Dark wood furniture inscribes my field of vision, as I find myself at my desk mulling over some decisions I am to be making very soon: where to apply for pupillage. I found myself doing the same thing during my time at university, studying for the LLB whilst applying to law firms for vacation schemes and training contracts. In the former case, I created a spreadsheet document to be able to compare the law firms as thoroughly as I could, but I realised soon after that this wouldn't do; it's fair to say that spreadsheets don't account for collegiality, overall culture and the general feelings one has about a company, a document simply can't capture human emotional complexities like these. However, comparing empirical matter did have some uses, allowing me to apply to firms which, on paper at least, fitted my interests, who I am and what makes me feel fulfilled (I feel that perhaps why I changed route from applying to law firms to applying to chambers, wanting to be a barrister rather than a solicitor, is a story for another time, so I shall leave that complex story well alone for now). I digress. Mulling over these impending decisions made me remember the naivety with which myself and my fellow students spoke about applying to and working for law firms and chambers when we first started university. It therefore reminded me that there will be many others who haven't experienced applying for vacation schemes, mini-pupillages, training contracts, insight days or similar, and therefore could benefit from hearing what really matters from someone who has had their eyes opened and priorities changed dramatically over the course of my time at university.
Let us begin by dealing with the elephant in the room: money. Unfortunately, there are people who go into the legal profession for money, rather than for a love and passion for the law and all it enables us to do. These people, along with those who proclaim before even starting university that they're going to be the top of their field in the biggest companies in the world, tend to see themselves as characters in 'Suits', rather than facing the reality of what this means. Money is not, I shall repeat, IS NOT, the most important thing when deciding where to apply. In reality, it ought to not even be amongst your top considerations. Of course, we must all be remunerated sufficiently for our work to enable us to live, to travel to and from work, and to perform well in our jobs (there are numerous studies on human psychology regarding the correlation between pay and contentment and effort at work), but putting this above all other considerations is a grave mistake. You are more likely to end up in a company which doesn't suit you, working in a department you don't feel comfortable in, doing law you aren't interested in, and working hours much longer than you had anticipated, if this is your thought process. I have met a number of people already who seem to think of a legal career as a key to driving an exotic car and living in a mansion by their thirties. A wake-up call is in order; this is rarely, if ever, the case. Working for the 'big bucks' often entails working 12-14hr days, often six days a week, regularly missing out on celebrations and social gatherings, working when you're unwell, not taking vacation days off so you can bill more hours, and living in 'the city', close to work so you can get there and back in the few hours break you get after the days over. There are people who relish this environment, but they are in the minority. So, instead of thinking about the money and this fantasy world of riches and easy work, think of the other considerations first and the money last. As long as you're earning a good wage for the work you do, that ought to be fulfilling enough for you.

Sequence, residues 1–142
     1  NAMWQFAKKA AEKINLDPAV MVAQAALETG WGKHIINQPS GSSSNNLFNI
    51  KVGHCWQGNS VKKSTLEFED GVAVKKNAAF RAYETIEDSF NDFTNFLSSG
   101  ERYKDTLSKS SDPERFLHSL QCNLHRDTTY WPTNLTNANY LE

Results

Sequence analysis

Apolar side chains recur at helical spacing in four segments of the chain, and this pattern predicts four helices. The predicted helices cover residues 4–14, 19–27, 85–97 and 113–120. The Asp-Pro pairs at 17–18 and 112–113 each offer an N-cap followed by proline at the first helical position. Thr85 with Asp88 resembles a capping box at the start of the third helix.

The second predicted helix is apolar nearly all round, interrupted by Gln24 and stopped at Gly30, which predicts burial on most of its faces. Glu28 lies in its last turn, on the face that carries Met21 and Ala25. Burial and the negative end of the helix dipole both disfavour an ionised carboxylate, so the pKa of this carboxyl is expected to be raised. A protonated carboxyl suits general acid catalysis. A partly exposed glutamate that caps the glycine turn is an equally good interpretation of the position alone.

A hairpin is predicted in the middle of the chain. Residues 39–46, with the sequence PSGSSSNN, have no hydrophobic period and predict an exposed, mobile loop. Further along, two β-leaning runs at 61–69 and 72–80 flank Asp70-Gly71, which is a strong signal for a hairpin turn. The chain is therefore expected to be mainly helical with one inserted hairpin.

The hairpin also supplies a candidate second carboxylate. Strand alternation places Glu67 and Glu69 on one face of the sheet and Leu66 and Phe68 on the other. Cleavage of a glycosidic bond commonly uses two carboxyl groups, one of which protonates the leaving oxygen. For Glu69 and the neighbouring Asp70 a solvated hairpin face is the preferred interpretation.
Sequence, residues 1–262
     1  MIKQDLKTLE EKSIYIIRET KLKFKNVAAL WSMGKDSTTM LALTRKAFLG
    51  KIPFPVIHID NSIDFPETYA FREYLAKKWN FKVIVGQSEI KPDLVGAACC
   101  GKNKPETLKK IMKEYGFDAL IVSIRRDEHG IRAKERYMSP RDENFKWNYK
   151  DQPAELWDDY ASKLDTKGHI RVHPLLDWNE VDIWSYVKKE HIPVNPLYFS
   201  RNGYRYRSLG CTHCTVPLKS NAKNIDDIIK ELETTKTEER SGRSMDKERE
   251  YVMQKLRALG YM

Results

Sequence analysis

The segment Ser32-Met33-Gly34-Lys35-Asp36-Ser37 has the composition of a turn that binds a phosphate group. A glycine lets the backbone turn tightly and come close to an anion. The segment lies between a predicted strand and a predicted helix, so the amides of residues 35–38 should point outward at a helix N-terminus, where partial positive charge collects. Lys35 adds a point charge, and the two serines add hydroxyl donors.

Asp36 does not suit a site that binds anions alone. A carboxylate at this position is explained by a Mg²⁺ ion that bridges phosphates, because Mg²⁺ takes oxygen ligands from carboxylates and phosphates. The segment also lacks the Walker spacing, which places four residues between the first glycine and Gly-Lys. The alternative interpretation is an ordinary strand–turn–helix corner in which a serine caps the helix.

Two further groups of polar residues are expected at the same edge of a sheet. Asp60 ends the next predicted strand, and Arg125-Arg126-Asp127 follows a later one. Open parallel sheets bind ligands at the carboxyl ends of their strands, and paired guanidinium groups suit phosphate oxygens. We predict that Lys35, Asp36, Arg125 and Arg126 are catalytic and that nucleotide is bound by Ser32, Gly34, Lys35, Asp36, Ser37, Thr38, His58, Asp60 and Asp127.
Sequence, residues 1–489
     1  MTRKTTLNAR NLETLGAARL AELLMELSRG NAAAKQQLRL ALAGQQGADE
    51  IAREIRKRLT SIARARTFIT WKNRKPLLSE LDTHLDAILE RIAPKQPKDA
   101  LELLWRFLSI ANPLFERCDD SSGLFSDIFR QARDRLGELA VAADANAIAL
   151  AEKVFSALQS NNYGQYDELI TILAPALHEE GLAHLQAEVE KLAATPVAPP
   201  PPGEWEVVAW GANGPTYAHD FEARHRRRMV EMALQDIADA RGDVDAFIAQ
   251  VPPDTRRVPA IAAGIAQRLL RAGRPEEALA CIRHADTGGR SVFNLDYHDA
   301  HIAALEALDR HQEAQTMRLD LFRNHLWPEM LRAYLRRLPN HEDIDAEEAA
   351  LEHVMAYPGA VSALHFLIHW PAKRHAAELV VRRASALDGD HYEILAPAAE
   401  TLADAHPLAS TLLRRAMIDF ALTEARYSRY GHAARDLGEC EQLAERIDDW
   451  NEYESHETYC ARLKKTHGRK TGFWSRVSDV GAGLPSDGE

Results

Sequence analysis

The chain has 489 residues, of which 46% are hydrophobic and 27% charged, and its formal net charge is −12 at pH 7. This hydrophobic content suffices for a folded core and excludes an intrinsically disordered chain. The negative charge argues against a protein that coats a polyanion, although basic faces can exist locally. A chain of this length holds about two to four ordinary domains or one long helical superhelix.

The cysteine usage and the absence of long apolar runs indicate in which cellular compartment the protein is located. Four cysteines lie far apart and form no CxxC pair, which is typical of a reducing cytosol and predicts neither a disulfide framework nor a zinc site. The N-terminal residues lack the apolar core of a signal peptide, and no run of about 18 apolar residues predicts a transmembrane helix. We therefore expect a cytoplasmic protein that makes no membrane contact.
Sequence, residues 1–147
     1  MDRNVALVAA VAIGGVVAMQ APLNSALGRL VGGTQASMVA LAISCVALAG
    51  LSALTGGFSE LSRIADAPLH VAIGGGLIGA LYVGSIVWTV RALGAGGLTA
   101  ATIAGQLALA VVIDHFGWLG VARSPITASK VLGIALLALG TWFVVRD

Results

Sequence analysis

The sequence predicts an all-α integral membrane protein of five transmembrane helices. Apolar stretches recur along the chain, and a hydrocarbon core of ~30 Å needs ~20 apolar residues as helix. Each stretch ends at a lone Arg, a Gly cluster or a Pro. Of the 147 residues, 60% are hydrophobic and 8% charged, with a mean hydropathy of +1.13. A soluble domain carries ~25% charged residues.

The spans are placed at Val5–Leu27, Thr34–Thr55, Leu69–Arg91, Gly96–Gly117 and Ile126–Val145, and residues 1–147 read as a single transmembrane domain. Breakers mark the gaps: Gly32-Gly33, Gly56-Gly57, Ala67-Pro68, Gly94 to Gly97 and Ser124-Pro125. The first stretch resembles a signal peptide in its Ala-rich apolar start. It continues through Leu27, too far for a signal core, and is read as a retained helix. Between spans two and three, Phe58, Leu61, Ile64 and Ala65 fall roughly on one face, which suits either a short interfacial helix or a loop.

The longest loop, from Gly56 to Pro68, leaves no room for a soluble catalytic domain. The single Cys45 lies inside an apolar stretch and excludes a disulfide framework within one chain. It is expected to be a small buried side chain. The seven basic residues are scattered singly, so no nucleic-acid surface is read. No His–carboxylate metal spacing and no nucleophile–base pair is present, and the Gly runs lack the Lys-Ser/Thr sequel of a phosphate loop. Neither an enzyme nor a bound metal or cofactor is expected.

An organisations size is a very important factor indeed. Smaller chambers are often those which deal with smaller cases. As a result, you are often up on your feet, handling your own cases during your 'second-six'. Similarly, smaller firms tend to be able to spend more time with each trainee, giving them all the attention and support they could ever need. They also often operate a more family-like culture, knowing each others names and being less formal with each other. It stands to reason that the opposite is true with large firms and chambers. In the largest and most prestigious chambers, you very rarely, if ever, get to handle your own cases during your pupillage. You do, however, get to experience a vast array of work and get to help with drafting documents for some of the largest deals around the world. It's much the same at large firms, with very varied and interesting work, more lavish offices and benefits, but often less nipping and tucking of the training contract to meet your desires. Rather, you are part of a large class of trainees and are all given the same amount of time and attention. Whether one suits you more than the other is a complex question in and of itself. But do consider it in depth before applying for places. The differences between regional, national, international, silver and magic circle, and american firms, for example, are plentiful so it is vital that you are true to yourself, your real ambitions and interests, and then apply to firms and chambers accordingly.